One of the people accused of lighting some of the devastating fires in Victoria has had his lack of education and sad love life splattered across the news pages in a way that doesn’t appear to advance the story at all.

Accused arsonist angry at girlfriend’s rejection.

Now this has turned into a vigilante exercise in witch burning. A number of people have started Facebook groups that have, despite the protests of the founders, become lynch mobs. This group, Make it know B****** S****** is the man who was arrested for arson, is the most prominent. Here’s what founder Yvette Langstaff has to say:

People need to put a name to the crime, not be left in dark. This site is for people to vent thier frustrations of our legal system, for people to grieve & leave messages of support to our hardworking firefighters and volunteers.

Please do not post photo’s of suspect on this site and we do not condone lynch mob’s..

“Vent their frustrations of our legal system”? What the hell is this? What has the legal system done? Nothing except follow due process. A suspect has been charged and is in custody. He will face a trial on arson and possession of child pornography (if there’s a link there I can’t see it). What is there to be frustrated at? What’s with the wandering apostrophes?

Read the rest of this entry »


Social networking and the NYT – be careful what you sign-up for

February 3, 2009

Thanks to Poynter Online for posting the New York Times guidelines for reporters using social networking sites as a journalistic tool.

The first guideline is about politics or controversial groups and flagging your own political beliefs

If you have or are getting a Facebook page, leave blank the section that asks about your political views, in accordance with the Ethical Journalism admonition to do nothing that might cast doubt on your or The Times’s political impartiality in reporting the news. Remember that although you might get useful leads by joining a group on one of these sites, it will appear on your page, connoting that you “joined” it — potentially complicated if it is a political group, or a controversial group.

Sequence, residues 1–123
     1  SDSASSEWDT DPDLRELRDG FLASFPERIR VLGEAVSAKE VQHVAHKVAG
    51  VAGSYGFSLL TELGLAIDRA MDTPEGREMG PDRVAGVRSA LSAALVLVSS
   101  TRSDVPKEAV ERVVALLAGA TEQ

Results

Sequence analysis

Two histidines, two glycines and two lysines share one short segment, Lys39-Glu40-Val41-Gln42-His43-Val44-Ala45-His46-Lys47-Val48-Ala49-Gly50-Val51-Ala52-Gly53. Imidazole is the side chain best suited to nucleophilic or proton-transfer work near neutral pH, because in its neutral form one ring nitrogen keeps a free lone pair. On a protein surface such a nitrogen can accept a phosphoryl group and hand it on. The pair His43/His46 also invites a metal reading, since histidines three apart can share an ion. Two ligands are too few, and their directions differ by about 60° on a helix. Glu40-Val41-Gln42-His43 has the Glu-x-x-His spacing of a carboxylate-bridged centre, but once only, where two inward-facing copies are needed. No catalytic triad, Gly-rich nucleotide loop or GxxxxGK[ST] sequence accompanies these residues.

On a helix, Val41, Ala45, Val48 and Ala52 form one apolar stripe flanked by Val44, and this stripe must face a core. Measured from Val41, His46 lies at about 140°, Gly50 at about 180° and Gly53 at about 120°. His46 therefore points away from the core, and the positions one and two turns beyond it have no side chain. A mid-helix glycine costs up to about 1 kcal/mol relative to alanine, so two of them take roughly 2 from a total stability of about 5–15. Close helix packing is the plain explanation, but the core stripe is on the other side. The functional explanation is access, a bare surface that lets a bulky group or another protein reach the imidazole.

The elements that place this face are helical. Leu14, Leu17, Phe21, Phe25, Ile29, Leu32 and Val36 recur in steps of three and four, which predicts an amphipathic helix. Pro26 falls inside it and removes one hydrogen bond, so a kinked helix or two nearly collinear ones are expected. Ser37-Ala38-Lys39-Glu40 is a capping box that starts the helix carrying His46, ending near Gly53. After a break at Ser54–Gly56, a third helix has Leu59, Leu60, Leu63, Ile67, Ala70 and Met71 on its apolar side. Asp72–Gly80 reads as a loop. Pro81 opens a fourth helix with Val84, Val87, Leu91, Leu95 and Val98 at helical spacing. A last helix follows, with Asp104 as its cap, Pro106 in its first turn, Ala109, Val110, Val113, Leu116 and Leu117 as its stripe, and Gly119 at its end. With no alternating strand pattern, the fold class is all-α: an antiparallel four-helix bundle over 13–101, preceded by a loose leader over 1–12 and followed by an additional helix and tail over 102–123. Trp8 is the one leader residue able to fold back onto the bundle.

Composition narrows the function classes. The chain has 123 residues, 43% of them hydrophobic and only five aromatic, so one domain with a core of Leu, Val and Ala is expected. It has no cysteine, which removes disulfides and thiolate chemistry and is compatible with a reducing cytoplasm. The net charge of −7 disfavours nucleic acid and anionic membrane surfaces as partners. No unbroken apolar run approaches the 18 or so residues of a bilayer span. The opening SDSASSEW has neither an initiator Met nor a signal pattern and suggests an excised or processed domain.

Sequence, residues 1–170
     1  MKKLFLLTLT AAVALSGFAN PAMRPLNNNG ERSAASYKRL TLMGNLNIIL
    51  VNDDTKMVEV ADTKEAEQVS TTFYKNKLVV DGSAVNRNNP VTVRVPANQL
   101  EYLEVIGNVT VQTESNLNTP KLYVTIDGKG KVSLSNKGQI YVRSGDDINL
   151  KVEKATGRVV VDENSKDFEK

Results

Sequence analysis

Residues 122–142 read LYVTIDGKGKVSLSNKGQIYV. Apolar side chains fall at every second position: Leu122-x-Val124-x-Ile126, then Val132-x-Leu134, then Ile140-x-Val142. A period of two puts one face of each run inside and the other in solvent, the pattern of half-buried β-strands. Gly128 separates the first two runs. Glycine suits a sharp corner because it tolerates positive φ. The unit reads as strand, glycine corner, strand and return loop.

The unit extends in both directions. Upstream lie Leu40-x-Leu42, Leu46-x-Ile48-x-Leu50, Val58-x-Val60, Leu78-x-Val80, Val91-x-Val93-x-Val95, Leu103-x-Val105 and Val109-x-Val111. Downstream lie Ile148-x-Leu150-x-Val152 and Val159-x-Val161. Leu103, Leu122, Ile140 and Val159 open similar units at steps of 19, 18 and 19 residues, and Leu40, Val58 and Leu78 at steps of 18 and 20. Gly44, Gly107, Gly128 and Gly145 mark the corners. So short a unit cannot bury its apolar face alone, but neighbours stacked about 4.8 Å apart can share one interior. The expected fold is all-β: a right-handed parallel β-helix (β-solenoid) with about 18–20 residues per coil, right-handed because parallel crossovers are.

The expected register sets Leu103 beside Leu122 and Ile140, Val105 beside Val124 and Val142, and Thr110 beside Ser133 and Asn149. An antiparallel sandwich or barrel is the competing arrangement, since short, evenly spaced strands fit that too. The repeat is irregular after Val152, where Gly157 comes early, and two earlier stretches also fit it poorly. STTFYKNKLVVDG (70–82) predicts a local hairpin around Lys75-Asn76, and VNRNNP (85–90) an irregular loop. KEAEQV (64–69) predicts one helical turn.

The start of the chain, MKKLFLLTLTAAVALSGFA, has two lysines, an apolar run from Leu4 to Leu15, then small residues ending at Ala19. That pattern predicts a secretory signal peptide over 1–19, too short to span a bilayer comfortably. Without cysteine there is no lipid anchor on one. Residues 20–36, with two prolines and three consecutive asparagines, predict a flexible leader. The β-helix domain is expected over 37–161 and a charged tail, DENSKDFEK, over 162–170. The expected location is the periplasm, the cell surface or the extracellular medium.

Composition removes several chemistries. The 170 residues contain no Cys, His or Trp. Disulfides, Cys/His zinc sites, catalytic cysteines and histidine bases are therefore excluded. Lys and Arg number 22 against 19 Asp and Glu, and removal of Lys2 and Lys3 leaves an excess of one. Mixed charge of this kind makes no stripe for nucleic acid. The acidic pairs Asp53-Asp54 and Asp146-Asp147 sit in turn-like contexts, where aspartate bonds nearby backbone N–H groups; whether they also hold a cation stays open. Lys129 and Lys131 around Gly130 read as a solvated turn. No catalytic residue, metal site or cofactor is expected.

This kind of defeats the purpose of being on Facebook. Surely one of the benefits is being able to “meet” with like-minded people and to share your views. Also, if you don’t join a group, how are you going to find out what its members are thinking and doing?

I think this could lead to problems of another ethical variety — reporters using an alias to join controversial groups and not disclosing that they are working for a news organisation and then using material in the paper or in their journalistic work.

The constraints that the Times puts around its staff use of social networking seem a little overbearing. At the sme time they don’t seem to take into account the real journalistic abuses of Facebook and the other sites.

Read the rest of this entry »


Facebook and surveillance: “You can leave your hat on.”

January 20, 2009

The lesson here is when you’re committing a crime, no matter how hot it gets, keep your balaclava on.

Queenstown police nabbed a burglar after posting security camera images on the internet networking site Facebook of him trying to crack a safe.

Police said it was the country’s first such Facebook arrest and they would use the site again to fight crime.

“Facebook was very handy, and it’s a good little tool,” said Senior Sergeant John Fookes. [NZ Herald]


Insulted by Facebook – another Olympic Obscenity

August 16, 2008

I have a Facebook profile. I hang out there sometimes and it’s been a really cool way of finding former colleagues and old friends that I’ve lost touch with. When I go to London in a couple of weeks I’ll be catching up with people I haven’t seen for years, but I know they’re in London and expecting to see me because we found each other on Facebook.

Social networking is here to stay, but you know, it’s still a fairly conservative space.

I saw a great New Zealand comedy act on TV last night. They’re called the Lonesome Buckwhips and they did a most excellent pisstake anthem for the Olympics. I tried to find it on Farcebuerk to add it to my music profile because I want you all to hear it.

But look what came up when I did a Facebook search:

Not only was I challenged to find out if Tom Cruise is smarter than me – he’s not, by the way. This is just more Scientology advertising on Facebook, I have no doubt.

The Loneseome Buckwhips’ song [Olympic Anthem]  I was looking for is not there, instead I was invited to download the Goo Goo Dolls track recorded to support A T&T Team USA at the Olympics. The last thing I’d ever want to do.

Get fucked Farcebuerk, get the fucking Olympics Obscenity out of my face and Tom Cruise and the Goo Goo Dolls; that’s not what I signed up for.


Follow

Get every new post delivered to your Inbox.

Join 1,427 other followers